Jenna Abbott Means Business—In Every Job She’s Had
The Sacramento Metro Chamber creates a job just for her—and really, for itself
By Ed Goldman
A few days after Jenna Abbott was hired to fill a position created expressly for her, her new bosses sent her packing.
No, the Sacramento Metro Chamber—for which she was recruited to be its senior vice president of strategic initiatives—didn’t fire her. Far from that: the chamber sent her on a reconnaissance trip to San Diego to prep for a fall “study mission” expected to draw 100 or more capital business types to find out what an ocean city does better (or worse) than The River City (the capital’s self-anointed nickname).
Jenna Abbott. Photo courtesy Sacramento Metro Chamber.
“Looking at what other cities and chambers do is part of this business,” she says at a recent lunch. “It’s my version of R&D.” I take the bait and ask, Research and Development? She smiles: “No. Rip-Off and Duplicate.”
In her new post, Abbott will be, she says, “trying to build the chamber’s book of business.” She doesn’t mean recruitment, which is the essential building block of trade and business groups. She means she wants to beef up some of the organization’s signature programs, which were created or resuscitated under Abbott’s boss, Amanda Blackwood—the chamber’s youngest and first female CEO in its 127-year history.
Abbott has the right business DNA for the job crafted for her and her alone.
She’s run two of the region’s property business improvement districts (jauntily pronounced P-BIDs) in two tough areas: one, the non-affluent and somewhat under-served community near Mack Road on the city’s southernmost side; and the other, the River District & Capitol Station Associates, a mostly industrial area not far from the State Capitol, where factories, warehouses and persistent homelessness clutter and block riverfront development. (Full disclosure: the River District has been a marketing client of mine twice, under different execs. Abbott wasn’t one of them.)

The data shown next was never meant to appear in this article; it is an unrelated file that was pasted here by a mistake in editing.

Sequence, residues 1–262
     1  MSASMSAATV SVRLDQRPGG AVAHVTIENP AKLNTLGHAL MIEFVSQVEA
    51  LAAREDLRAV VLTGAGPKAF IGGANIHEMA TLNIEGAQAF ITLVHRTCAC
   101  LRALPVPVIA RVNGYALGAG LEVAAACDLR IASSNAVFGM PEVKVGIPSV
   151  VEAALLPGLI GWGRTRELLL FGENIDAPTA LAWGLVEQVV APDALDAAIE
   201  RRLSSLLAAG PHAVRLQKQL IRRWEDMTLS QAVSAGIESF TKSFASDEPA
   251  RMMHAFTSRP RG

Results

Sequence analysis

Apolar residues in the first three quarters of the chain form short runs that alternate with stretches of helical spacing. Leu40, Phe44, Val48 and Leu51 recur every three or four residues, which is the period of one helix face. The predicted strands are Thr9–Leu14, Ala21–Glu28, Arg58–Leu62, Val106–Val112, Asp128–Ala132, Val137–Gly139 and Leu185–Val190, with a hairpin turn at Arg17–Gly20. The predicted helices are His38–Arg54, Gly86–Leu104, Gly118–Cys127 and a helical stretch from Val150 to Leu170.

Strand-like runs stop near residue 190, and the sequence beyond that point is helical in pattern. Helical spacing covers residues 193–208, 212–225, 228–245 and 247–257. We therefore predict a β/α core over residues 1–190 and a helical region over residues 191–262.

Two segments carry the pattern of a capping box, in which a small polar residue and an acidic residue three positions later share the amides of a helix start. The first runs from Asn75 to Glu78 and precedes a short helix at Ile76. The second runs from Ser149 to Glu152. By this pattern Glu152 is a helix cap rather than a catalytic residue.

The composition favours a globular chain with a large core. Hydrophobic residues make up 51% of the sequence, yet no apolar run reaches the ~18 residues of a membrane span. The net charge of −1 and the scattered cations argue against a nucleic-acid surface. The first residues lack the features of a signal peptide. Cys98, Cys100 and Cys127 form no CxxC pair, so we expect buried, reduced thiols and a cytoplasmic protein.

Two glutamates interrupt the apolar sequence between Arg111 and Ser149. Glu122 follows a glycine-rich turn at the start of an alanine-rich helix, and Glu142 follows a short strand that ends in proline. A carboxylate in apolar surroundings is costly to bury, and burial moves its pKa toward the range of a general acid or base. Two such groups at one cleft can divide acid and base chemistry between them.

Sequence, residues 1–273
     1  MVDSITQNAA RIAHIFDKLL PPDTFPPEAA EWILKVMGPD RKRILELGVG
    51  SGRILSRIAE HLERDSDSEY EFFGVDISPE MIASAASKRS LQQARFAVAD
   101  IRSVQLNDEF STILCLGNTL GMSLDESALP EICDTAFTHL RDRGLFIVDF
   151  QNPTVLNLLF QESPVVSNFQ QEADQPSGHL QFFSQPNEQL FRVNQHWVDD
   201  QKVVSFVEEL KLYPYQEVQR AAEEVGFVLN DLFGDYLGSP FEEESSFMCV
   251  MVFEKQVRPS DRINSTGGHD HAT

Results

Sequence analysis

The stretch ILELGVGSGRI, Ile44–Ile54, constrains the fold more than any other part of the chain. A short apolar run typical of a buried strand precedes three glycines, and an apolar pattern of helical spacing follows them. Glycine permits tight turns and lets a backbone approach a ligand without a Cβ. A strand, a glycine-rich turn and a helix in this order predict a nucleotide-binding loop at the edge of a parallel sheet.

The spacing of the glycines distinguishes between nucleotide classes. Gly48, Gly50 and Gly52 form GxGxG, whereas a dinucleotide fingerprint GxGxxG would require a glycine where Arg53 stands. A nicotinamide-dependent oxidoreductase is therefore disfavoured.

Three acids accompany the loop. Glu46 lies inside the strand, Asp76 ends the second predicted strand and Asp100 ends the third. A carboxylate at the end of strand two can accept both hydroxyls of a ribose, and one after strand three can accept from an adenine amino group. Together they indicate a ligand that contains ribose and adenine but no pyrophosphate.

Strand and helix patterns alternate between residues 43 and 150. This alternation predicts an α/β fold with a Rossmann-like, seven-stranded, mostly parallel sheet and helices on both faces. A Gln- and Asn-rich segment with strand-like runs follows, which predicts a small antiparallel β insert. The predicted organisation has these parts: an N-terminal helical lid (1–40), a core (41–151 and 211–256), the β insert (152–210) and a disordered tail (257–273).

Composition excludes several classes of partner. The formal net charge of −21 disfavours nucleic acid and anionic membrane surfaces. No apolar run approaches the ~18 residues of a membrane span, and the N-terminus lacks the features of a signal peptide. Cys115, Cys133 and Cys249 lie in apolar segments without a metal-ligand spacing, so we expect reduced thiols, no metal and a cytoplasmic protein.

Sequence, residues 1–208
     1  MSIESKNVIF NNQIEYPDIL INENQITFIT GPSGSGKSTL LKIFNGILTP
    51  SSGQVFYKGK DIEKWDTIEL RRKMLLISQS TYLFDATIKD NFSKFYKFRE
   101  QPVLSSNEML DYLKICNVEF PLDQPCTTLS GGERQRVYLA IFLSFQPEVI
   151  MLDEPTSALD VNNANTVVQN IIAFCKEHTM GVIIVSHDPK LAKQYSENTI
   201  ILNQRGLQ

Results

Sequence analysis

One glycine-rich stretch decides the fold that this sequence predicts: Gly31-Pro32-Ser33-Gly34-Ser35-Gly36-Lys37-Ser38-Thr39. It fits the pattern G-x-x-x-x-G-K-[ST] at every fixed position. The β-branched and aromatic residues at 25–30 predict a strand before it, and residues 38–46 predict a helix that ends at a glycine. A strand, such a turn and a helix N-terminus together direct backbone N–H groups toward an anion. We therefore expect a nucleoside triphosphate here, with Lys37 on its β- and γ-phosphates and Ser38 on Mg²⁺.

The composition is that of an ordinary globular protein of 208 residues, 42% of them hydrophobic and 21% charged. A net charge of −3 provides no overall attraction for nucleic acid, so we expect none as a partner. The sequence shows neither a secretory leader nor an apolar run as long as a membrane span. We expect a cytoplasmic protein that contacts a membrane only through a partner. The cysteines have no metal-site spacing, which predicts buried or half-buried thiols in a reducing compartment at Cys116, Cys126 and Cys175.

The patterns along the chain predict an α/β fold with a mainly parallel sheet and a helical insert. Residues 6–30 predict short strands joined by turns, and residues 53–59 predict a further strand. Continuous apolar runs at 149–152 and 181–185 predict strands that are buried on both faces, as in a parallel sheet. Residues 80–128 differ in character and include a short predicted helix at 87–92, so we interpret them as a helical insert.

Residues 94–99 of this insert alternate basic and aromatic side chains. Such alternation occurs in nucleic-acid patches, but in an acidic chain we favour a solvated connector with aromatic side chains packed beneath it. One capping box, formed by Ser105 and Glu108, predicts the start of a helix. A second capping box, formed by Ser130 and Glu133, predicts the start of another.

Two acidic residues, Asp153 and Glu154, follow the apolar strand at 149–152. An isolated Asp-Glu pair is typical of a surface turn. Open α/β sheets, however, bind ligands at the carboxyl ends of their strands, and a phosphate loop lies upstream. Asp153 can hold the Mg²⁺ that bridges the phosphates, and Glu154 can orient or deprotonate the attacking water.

In addition, she’s run associations, managed corporate compensation and equity programs, supervised mortgage-backed securities for a trust company, and been an entrepreneur more than once (real entrepreneurs are always repeat up-enders): for her company Abbott Fabrications, which reached out to the wholesale design trade, and for her mostly online work promoting skin-care products, which sees her frequently taking on the role of Before and After consumer. In reality, this means that a woman whose presence could easily land her a job as a news anchor willingly leaves her vanity at the doorstep to reveal what she looks like pre-transformation.
In her work for the PBIDs, Abbott had to continuously apply political savvy in dealing with grumpy elected and appointed officials as well as with business owners who paid dues to prevent their nabes from enduring physical decrepitude and social desiccation. The hardest part of her job at Mack Road, she told me years ago for an interview in the Sacramento Business Journal, was when she had to go from business to business to ask each to re-up its annual membership. At the time she told me, “It’s harder to get someone to keep supporting an effort if they feel it’s been successful than if it hasn’t been. They figure they’re out of the woods for good.”
But she was persuasive then and in her new job may need to be even more so. Busines owners often question their involvement with chambers of commerce: these organizations usually aren’t recruiting new busines to the area, which could enhance their community’s tax base and increase their own businesses’ spheres of influence. But corporate recruitment and relocations are the twin goals of economic development groups, not chambers.
Abbott will need to convince Sacramento’s existing and wanna-be members that programs—such as the chamber’s Rapid Response Hub, which during the worst days of COVID helped navigate information and services available through the PPP [Paycheck Protection Program] and other private-sector lifelines, and its Small Business Development Center, which has served around 2,000 clients, supported thousands of jobs, helped start more than a dozen new businesses and helped secure $23 million in funding—are providing the proper amount of bang for their sometimes limited bucks.
“One of our more serious and visible problems in Sacramento is homelessness,” Abbott says. She indicates that the chamber is studying the creation of shelters via office and hotel conversions but is quick to point out that “anything we do is data-driven.” On her post-recon trip to San Diego in October she hopes to ask San Diego business owners and elected officials what’s gone right for them “but also to tell us about the times they’ve fallen on their faces and chipped their teeth. Because if we know that, maybe when we fall, we’ll only break a fingernail.”